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Your response to your loved one's injury: grief and loss

Just as our bodies can be traumatized, so can our minds. Trauma can affect your emotions and will to live. The effect may be so great that your usual ways of thinking and feeling may change. The ways you used to handle stress may no longer work.  Patients may have a delayed reaction to their trauma. In the hospital, they may focus on their physical recovery rather than on their emotions. As they face their recovery, they may have a range of feelings, from relief to intense anxiety. 

Family members also may go through a range of emotions between first hearing the news of the injury and on through the patient’s recovery. 

Trauma patients and their families often feel loss on some level. The loss may relate to changes in health, income, family routine or dreams for the future. Each person responds to these changes in their own way. Grief is a common response. When it does get better, it can delay recovery and add to family problems. Knowing the early signs of depression and post-traumatic stress disorder (PTSD), is important. 

Coping with loss

The stress that goes with trauma and grief can affect your health. It can also affect your decision making during the first several months after the trauma. It is important for you to try to eat well, sleep and exercise. If you have any long-term health problems, such as heart disease, be sure to stay in contact with your doctor. 

Part of recovery involves using the help of others. You can also find a support system. This can be a friend, family member, member of the clergy, support group, or another person who has experienced similar loss. Not everyone knows what to say or how to be helpful. Some people avoid those who have experienced a trauma in their family because it makes them uncomfortable. It may take some time to find friends or family who can be good listeners.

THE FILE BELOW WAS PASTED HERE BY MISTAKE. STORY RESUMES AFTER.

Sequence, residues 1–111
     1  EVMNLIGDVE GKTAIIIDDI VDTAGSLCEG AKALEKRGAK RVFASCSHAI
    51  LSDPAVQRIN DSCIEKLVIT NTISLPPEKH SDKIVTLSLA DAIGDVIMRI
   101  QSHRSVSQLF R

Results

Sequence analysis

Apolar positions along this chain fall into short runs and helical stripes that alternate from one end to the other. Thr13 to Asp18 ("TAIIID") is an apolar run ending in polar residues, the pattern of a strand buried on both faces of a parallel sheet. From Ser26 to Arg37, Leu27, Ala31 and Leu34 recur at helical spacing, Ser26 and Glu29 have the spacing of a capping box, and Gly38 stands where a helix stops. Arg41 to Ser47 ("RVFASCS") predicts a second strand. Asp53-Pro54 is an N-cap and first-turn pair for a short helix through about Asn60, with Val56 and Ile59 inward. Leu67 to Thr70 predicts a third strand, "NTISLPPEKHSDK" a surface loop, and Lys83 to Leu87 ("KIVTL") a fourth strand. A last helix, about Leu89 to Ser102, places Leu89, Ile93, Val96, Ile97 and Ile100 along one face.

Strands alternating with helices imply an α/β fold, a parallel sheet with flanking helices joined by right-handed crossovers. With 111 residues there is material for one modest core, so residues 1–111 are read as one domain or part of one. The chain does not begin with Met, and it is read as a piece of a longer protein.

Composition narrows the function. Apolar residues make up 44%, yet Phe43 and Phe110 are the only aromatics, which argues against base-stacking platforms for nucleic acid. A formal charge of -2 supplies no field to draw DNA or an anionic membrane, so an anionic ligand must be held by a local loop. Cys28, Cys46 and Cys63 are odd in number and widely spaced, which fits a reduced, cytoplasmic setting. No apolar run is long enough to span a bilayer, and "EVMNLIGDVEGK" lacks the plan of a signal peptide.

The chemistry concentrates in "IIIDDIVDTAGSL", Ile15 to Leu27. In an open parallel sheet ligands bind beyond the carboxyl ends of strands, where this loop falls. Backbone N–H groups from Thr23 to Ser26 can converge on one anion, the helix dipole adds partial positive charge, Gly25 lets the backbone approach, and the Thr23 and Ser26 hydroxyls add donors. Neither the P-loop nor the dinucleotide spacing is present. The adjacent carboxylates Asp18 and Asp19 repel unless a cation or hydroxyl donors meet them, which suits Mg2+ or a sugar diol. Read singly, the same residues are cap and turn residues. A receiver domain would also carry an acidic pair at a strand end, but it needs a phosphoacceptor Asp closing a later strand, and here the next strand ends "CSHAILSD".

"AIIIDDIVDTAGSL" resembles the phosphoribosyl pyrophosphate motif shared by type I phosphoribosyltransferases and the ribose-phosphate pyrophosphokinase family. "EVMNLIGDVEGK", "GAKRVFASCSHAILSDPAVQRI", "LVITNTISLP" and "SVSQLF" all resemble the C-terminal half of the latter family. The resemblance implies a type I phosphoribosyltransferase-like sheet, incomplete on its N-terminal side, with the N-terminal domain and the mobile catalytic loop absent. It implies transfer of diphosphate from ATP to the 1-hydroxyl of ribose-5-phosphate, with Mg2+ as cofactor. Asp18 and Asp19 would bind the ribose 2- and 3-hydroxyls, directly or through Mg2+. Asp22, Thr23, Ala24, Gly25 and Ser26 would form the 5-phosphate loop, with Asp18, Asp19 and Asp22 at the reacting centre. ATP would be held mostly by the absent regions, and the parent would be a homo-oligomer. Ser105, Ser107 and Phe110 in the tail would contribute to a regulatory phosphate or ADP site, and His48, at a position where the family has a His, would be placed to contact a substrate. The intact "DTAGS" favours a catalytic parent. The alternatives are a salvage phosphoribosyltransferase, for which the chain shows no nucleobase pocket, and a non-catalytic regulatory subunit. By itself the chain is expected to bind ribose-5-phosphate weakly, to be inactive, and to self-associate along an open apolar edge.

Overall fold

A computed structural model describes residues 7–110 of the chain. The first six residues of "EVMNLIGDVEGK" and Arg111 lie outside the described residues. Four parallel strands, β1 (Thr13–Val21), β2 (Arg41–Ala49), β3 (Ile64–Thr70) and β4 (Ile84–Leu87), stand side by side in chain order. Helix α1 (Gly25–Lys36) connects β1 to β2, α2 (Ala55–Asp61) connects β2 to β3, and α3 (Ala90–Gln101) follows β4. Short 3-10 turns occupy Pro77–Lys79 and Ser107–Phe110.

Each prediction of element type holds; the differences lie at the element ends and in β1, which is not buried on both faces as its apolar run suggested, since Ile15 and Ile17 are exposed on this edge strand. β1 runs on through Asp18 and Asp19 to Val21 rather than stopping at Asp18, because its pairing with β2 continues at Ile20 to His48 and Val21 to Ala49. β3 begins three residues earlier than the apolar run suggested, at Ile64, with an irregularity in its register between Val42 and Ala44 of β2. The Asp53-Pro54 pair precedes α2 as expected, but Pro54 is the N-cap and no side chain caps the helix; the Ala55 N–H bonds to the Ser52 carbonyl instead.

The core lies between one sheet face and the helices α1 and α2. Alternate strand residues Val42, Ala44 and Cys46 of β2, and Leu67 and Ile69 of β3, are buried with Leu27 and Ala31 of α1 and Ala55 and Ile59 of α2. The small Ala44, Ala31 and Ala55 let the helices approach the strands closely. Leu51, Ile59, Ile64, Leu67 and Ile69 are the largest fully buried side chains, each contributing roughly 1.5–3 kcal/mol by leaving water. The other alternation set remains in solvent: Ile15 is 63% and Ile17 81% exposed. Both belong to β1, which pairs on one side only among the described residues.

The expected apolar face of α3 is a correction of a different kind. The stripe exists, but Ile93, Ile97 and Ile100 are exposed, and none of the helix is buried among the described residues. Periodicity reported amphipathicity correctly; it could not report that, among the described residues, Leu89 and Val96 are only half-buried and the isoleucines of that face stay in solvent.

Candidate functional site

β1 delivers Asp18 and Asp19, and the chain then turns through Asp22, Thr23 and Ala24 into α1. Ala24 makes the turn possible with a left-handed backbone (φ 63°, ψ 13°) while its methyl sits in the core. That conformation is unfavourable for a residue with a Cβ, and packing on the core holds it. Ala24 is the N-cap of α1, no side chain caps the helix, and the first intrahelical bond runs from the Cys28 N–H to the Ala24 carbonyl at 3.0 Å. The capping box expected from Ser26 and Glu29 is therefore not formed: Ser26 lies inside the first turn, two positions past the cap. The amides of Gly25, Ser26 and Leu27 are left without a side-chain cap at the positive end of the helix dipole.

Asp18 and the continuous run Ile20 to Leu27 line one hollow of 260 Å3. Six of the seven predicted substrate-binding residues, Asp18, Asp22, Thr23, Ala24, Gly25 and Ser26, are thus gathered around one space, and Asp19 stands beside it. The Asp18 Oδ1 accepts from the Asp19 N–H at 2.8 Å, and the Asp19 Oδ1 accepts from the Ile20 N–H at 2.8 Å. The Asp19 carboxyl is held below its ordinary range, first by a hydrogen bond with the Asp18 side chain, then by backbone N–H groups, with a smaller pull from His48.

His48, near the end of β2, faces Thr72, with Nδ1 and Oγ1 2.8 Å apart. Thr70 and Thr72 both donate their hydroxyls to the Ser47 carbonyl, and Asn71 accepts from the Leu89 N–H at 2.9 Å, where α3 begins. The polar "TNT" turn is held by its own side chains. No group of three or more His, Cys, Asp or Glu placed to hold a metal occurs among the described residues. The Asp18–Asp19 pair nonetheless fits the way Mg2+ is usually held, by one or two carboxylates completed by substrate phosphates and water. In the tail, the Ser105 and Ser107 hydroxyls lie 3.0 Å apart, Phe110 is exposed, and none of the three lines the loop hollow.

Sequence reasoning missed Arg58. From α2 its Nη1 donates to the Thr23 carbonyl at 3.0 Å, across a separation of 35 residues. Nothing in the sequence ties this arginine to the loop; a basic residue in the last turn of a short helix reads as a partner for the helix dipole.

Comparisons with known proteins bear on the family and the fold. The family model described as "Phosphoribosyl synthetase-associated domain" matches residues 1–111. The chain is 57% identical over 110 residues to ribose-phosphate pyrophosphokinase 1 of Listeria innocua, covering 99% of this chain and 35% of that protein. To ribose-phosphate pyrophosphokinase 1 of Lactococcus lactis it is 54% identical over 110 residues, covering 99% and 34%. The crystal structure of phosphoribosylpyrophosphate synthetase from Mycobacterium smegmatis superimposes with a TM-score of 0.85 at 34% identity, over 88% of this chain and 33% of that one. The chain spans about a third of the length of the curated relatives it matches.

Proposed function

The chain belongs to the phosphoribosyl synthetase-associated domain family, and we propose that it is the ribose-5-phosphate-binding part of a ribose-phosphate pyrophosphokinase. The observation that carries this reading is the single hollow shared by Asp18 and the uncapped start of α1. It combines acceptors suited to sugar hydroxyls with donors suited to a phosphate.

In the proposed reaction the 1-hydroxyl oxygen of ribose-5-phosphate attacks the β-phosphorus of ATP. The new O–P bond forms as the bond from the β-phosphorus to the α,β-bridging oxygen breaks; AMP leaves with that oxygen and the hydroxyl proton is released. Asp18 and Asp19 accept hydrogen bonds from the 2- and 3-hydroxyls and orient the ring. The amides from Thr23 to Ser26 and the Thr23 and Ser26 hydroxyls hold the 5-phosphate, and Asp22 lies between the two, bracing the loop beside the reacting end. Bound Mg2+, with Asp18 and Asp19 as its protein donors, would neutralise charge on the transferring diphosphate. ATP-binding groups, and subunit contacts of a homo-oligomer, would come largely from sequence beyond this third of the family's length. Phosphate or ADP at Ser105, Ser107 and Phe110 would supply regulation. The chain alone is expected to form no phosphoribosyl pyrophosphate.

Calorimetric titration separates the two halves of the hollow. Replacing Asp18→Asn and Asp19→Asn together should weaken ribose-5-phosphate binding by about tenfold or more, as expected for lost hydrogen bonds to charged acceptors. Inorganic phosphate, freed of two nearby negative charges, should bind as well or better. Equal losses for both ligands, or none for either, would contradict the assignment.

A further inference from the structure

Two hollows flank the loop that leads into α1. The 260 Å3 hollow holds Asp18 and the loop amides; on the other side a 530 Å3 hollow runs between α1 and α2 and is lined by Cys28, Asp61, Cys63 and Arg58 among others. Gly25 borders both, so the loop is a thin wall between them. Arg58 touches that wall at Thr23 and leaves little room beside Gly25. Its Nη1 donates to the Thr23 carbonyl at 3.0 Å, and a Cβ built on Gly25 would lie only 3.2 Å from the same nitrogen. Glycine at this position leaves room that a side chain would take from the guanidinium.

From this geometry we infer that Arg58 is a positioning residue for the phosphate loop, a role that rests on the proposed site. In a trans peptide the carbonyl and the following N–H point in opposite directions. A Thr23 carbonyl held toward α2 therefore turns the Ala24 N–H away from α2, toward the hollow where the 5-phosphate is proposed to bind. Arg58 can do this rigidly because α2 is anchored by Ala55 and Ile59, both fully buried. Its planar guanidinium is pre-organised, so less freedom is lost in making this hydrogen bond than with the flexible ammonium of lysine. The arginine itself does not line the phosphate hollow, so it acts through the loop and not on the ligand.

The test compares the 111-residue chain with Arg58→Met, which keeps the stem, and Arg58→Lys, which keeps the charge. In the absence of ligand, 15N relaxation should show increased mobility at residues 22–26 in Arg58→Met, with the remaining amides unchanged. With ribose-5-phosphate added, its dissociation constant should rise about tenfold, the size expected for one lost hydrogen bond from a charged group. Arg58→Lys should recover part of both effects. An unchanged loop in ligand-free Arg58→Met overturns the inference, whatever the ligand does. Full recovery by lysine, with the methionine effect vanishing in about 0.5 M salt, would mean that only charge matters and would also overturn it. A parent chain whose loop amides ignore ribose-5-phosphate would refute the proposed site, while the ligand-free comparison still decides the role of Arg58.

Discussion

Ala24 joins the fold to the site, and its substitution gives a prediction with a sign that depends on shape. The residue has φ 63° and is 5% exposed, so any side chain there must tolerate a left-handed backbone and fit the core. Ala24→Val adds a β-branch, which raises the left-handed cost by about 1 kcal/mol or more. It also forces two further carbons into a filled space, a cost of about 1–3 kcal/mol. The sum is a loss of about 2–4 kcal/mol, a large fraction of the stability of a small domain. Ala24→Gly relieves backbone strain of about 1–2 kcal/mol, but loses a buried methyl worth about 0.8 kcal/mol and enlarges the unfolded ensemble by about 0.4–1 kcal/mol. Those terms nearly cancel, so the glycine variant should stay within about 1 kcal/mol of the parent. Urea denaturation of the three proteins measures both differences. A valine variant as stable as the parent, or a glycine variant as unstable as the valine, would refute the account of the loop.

When a patient dies

Few things in life are as painful as the death of a loved one. We all feel grief when we lose a loved one. Grief is also a very personal response. It can dominate one’s emotions for many months or years. For most people, the intensity of initial grief changes over time. It may take both time and help to move from suffering to a way of remembering and honoring the loved one. 

When is it a good idea to seek professional help?

Sometimes grief overwhelms us. This is when professional help is useful. You may need help if:

  • The grief is constant after about six months
  • If there are symptoms of PTSD or major depression
  • If your reaction interferes with daily life

Your doctor can help you identify local services available for support, including the Trauma Survivors Network.